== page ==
We will know he is obviously baritone, but he sing with righter pitch and accurate place unlike Hwanhee or 준영.
        About otolaryngologist, I heard from vocal trainer who is trained with professor Nam in korea and Nam is now opening session for voice in medical school. Park is occasionally visited to check his comdition as i heard.


      2. The thing is you can use mixed voice lower than your first passaggio, just as you can use it above your second passaggio or head voice below your second passaggio. I can bring my head voice down to E3, but it doesn’t mean my passaggio starts at E3. I can also mix as low as B2, maybe lower, but that doesn’t mean I have to. So perhaps he may be mixing at C4, but it doesn’t mean that’s his passaggio.

        Also I feel you’re being harsh to Hwanhee. Yes Hwanhee doesn’t have good technique above G#4, but what baritone does? I don’t know a single lyric baritone in pop music who can sing above G#4 without straining, because the baritone voice isn’t necessarily built to sing that high. Park Hyoshin’s voice doesn’t sound like it’s meant to sing only as high as G#4, he still sounds like he’s singing within his tessitura even higher than that.

        I actually have had my doubts about 이적 being a baritone but he does seem like one, but I wouldn’t say that he has good technique above G#4 either because I do hear vocal strain when he sings that high. So my point is that I still hear Park Hyoshin as a tenor, he never sang like a baritone, even when he sings in a baritone key or range, he sounds like he’s singing too low for his voice, whereas other baritones sound like they’re in their actual voice type’s tessitura.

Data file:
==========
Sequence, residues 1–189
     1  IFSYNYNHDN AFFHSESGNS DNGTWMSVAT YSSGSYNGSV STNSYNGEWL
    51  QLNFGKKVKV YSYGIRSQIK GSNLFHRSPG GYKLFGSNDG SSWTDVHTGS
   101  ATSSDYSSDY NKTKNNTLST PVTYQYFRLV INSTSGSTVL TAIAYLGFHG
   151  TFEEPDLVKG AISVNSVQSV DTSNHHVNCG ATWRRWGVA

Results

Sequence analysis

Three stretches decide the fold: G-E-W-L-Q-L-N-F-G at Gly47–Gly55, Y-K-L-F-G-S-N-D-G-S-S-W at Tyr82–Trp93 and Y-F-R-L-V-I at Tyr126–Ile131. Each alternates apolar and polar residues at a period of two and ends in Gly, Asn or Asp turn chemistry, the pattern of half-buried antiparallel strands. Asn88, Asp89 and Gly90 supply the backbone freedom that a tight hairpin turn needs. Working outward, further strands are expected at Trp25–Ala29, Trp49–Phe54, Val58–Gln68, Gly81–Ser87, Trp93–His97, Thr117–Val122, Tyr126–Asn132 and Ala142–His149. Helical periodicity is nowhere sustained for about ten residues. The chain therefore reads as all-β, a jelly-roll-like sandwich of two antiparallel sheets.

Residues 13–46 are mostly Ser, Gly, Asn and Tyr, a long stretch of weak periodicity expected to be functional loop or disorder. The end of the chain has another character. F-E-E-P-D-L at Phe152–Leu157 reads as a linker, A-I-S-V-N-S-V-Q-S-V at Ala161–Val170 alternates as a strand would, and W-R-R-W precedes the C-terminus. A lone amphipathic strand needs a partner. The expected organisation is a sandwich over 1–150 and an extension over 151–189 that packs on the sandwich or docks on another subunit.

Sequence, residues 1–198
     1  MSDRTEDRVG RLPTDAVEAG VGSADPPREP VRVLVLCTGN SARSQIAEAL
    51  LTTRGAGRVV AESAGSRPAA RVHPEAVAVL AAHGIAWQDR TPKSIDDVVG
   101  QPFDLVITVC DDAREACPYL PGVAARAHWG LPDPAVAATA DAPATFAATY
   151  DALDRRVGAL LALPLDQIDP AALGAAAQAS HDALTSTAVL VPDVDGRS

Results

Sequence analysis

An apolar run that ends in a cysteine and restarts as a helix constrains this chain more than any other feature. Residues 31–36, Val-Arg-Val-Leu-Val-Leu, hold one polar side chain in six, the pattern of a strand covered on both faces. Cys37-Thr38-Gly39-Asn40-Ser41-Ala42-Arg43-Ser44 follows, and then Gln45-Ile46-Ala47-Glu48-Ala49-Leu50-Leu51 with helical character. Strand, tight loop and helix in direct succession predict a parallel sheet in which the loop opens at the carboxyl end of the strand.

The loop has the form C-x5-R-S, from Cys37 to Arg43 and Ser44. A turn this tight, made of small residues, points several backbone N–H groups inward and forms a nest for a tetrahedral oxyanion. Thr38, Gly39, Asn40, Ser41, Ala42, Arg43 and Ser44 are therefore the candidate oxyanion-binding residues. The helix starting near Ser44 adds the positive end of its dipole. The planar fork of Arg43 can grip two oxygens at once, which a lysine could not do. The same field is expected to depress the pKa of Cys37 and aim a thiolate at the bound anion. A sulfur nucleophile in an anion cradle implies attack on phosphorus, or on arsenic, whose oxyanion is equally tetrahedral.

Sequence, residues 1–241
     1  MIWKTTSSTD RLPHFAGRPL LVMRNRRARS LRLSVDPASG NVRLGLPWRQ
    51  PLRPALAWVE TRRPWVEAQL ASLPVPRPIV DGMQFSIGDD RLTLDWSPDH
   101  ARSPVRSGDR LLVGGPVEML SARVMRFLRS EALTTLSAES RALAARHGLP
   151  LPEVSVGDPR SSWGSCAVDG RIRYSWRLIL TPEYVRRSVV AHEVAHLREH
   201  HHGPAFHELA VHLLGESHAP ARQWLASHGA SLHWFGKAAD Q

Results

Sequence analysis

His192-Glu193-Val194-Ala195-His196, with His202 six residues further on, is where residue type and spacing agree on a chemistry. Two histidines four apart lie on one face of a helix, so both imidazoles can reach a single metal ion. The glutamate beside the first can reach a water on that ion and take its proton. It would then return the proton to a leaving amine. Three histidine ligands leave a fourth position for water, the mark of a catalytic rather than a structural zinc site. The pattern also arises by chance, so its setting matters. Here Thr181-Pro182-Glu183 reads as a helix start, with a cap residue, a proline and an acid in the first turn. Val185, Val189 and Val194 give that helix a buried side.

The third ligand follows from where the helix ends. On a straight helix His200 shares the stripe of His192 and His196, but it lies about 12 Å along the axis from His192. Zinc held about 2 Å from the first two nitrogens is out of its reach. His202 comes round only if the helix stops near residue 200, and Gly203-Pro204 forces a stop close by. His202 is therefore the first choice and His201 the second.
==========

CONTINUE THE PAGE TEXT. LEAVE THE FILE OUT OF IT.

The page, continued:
That is interesting! Also I wanted to say this but I forgot to, your English is really good!! Like I feel like I couldn’t carry out this argument in Korean, so yeah. lol


      1. Ahmin, hi!!!!!!!!! I was fascinated with the whole comment about PHS baritone vs tenor but what blew me away was that you could mix below your first passagio. How does that even work? You said you could mix as low as B2. How do you mix that low in your range? How would I do that? I have so many questions, but wow! so cool. I really like the technical stuff in singing.


      2. It’s not like a low mix will sound mixy but it’s just not a pure chest voice. If you hear the quality of my voice is generally even, I don’t sound exceptionally dark in my lower range or much heavier, because I’m never using a 100% pure chest voice. B2 was a guess as I feel I have to rely more on chest voice lower than that, but it’s a chest dominant mix more or less. It’s like using head voice down to E3.


    1. I think I can help out Ahmin on this one a little bit, I hope. What he’s previously said about lowering the larynx was that it not only creates fake deeper, darker sounding voice, it also makes one’s voice sound like two different people at higher and lower extremes of his/her vocal range. Generally, lowered larynx “traps” the sound in the chest, but as you sing higher, the sound placement will inevitably become higher in the mask and head, which gives off different “colour” of the voice. How this all affects vocal health, that I hope Ahmin can answer for us


    2. Lowering the larynx can be potentially be good if you are doing it through good technique via support, however if you’re pushing it don’t with your tongue and with an awkward jaw position; it can be bad because then you are adding tension and constriction to your singing.